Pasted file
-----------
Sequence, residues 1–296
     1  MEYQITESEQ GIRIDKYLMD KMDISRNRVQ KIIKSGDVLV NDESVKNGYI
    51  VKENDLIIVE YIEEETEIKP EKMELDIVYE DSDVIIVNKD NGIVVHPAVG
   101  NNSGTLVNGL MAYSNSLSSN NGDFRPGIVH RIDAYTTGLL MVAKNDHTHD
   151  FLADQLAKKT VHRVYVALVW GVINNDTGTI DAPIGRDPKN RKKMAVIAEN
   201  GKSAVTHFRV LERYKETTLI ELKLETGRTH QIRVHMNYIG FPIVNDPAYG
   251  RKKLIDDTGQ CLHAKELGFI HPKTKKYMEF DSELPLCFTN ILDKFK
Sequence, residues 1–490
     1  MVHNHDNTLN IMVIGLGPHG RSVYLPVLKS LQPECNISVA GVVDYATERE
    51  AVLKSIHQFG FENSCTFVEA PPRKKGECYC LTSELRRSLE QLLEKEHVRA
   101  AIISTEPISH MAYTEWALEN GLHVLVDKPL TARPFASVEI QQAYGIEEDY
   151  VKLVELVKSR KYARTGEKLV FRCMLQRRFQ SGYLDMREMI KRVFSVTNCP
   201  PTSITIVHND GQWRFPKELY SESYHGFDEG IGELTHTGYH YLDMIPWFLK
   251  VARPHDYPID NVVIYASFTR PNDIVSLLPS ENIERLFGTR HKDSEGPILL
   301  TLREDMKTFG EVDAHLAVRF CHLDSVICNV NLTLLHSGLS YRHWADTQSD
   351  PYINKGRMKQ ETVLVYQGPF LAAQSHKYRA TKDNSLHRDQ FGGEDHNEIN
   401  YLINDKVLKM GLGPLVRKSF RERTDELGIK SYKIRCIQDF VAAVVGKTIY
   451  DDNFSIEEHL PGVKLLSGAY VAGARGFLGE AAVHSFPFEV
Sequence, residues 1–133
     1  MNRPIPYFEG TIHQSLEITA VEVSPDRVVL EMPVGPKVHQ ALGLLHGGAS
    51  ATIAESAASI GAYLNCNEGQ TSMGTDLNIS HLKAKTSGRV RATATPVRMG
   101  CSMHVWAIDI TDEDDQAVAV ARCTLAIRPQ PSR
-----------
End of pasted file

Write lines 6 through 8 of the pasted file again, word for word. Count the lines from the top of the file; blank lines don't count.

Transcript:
   201  GKSAVTHFRV LERYKETTLI ELKLETGRTH QIRVHMNYIG FPIVNDPAYG
   251  RKKLIDDTGQ CLHAKELGFI HPKTKKYMEF DSELPLCFTN ILDKFK
Sequence, residues 1–490